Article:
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It Is Well with My Soul

Horatio G. Spafford, 1873

Scripture: 2 Kings 4:26; Psalm 146:1

Ville du Havre
Philip P. Bliss, 1876
Copyright: Public Domain
Key: D

When peace, like a river, attendeth my way,
When sorrows like sea billows roll;
Whatever my lot, Thou hast taught me to say,
It is well, it is well with my soul.

Refrain:
It is well with my soul,
It is well, it is well with my soul.

Though Satan should buffet, though trials should come,
Let this blest assurance control,
That Christ hath regarded my helpless estate,
And hath shed His own blood for my soul.

My sin--oh, the bliss of this glorious thought!--
My sin, not in part but the whole,
Is nailed to the cross, and I bear it no more,
Praise the Lord, praise the Lord, O my soul!

For me, be it Christ, be it Christ hence to live:
If Jordan above me shall roll,
No pang shall be mine, for in death as in life
Thou wilt whisper Thy peace to my soul.

But, Lord, 'tis for Thee, for Thy coming we wait,
The sky, not the grave, is our goal;
Oh, trump of the angel! Oh, voice of the Lord!
Blessed hope, blessed rest of my soul!

And Lord, haste the day when the faith shall be sight,
The clouds be rolled back as a scroll;
The trump shall resound, and the Lord shall descend,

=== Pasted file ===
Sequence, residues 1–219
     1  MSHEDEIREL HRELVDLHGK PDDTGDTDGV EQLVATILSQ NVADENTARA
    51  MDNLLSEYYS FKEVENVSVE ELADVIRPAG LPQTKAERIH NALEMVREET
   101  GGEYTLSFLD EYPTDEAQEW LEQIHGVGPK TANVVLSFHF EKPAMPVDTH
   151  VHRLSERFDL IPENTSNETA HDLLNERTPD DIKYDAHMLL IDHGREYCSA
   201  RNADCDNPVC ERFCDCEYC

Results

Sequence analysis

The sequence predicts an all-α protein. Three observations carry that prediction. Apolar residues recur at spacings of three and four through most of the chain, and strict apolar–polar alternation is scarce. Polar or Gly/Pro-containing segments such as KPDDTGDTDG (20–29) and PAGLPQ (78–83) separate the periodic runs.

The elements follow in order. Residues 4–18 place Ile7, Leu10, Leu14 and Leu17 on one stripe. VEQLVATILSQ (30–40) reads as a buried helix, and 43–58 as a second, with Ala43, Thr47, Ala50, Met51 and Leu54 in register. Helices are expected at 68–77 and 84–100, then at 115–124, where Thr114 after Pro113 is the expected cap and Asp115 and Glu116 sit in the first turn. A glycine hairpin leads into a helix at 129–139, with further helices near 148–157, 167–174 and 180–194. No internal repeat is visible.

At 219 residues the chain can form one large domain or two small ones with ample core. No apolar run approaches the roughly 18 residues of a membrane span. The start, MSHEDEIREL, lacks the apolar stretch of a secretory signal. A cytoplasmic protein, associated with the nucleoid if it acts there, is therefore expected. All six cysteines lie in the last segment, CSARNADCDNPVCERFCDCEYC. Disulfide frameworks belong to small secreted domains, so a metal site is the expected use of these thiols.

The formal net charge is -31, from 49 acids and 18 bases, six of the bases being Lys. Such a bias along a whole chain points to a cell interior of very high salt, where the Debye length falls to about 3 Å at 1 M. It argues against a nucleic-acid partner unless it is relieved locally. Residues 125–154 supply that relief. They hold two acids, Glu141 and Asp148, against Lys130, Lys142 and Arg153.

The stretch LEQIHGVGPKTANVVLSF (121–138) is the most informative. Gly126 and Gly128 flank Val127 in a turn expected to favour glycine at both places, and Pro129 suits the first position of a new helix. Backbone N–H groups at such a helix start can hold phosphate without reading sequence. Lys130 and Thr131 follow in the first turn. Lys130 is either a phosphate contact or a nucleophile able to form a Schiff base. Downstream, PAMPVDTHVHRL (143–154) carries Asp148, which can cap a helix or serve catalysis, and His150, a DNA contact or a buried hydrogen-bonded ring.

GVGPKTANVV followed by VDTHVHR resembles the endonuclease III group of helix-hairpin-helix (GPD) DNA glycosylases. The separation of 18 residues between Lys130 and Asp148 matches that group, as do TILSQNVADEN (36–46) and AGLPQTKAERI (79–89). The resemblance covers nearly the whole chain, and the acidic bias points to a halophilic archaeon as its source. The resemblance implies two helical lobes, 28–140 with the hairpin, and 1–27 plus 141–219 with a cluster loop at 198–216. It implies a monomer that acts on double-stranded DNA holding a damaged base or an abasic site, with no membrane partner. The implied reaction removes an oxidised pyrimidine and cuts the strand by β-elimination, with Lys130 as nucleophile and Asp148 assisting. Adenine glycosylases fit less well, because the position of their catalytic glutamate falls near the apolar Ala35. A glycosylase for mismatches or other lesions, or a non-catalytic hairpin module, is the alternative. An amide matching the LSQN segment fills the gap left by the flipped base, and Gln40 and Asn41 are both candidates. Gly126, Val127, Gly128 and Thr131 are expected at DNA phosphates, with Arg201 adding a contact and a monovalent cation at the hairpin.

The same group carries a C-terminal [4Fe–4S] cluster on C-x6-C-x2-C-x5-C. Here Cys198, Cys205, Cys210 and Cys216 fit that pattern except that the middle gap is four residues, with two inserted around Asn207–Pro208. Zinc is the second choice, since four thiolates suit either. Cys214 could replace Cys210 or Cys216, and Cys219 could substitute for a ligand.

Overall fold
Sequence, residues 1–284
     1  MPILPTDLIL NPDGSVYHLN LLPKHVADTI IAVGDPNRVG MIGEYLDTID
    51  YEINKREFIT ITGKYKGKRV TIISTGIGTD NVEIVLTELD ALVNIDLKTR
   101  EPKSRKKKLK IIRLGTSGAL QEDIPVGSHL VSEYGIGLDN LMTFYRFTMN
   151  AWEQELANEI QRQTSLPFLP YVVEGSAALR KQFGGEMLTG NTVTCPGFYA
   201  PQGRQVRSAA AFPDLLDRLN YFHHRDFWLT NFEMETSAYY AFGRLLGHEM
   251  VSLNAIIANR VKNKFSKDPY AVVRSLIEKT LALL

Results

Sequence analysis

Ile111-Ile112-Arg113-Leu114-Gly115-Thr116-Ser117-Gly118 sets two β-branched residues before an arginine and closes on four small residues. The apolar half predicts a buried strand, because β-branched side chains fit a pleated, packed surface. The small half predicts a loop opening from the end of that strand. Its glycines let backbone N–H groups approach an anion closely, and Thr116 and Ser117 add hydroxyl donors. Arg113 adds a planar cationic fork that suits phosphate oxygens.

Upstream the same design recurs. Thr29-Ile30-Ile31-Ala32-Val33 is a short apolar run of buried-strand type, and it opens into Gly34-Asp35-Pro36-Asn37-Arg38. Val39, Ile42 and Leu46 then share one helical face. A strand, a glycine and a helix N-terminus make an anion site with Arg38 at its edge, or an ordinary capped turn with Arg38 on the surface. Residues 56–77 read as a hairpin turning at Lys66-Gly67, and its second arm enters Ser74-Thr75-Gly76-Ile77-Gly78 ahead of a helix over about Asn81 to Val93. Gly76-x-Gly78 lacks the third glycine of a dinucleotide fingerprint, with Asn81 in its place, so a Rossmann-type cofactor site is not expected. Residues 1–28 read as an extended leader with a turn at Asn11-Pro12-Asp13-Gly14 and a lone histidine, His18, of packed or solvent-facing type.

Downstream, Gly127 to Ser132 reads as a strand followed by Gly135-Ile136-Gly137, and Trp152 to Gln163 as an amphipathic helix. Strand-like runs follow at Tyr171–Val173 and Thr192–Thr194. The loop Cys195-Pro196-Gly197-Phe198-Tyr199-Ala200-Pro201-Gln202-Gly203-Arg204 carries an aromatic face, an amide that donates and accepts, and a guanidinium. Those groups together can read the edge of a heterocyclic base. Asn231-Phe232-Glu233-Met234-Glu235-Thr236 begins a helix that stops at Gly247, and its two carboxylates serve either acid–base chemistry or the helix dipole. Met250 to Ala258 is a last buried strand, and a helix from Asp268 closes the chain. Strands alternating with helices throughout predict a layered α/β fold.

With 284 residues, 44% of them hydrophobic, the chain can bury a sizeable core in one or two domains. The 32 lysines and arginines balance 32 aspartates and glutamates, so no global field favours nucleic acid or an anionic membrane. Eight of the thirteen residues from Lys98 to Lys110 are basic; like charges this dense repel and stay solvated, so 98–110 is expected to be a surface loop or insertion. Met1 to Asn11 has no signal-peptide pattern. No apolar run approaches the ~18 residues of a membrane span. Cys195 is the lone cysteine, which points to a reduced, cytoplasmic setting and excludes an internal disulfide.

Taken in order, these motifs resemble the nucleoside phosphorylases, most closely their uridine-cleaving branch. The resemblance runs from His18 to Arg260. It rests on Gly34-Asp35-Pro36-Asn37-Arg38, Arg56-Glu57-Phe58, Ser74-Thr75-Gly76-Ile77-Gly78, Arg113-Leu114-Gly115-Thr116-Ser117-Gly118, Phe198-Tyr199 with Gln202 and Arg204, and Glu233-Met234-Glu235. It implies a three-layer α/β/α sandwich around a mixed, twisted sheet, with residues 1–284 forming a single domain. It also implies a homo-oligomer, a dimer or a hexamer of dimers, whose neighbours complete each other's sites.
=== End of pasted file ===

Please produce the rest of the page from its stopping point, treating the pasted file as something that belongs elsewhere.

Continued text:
Even so, it is well with my soul.

Faith Publishing House, Echoes from Heaven, 1976

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Horatio reunited with his wife and the Moody group in England. The couple returned to Chicago.The great city rebuilt and used concrete, marble and metal. The Spaffords had three more children. Horatio, born in 1876, died a few years later of scarlet fever. The elders of the Presbyterian thought that the couple were possessed or divinely punished and kicked them out of the Chicago church. With their two daughters, Bertha and Grace, the couple moved to Jerusalem.

"For I know the plans I have for you," says The Lord. "Plans to prosper you and not to harm you, plans to give you a hope and a future." Jeremiah 29:11 "The Joy of the Lord is our strength" and "love is our banner." Nehemiah 8:10 and Song of Solomon.

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The Spaffords were not defeated with their faith. They believed in the scripture promises and persued a new home. In Jerusalem, the couple with their daughters were welcomed with open arms. They set up a children's home, hospital and soup kitchen for the poor. Their mission of love as overcomers attracted many people of all faiths in Israel.

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Phillip Bliss wrote the tune, Ville du Havre, to the lyrics penned by Horatio Spafford. He performed and sang the song to the Moody Ministry. In 1876, Phillip Bliss and his wife traveled by train in Chicago. The bridge collapsed and fell into the icy waters below. The couple burned in the train cabins. Nine precious lives were taken with the Spafford and Bliss families. When we sing, "It is well with my soul," please remember those that died.

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"Blessed is the man who perseveres under trial, because when he has stood the test, he will receive the crown of life that God has promised to those who love him." James 1:12

This song is my husband's favorite song. It is popular and sung in the churches.
I pray that it is well with you! God bless! <>< soli deo Gloria!

It is well with my soul,
It is well, it is well with my soul!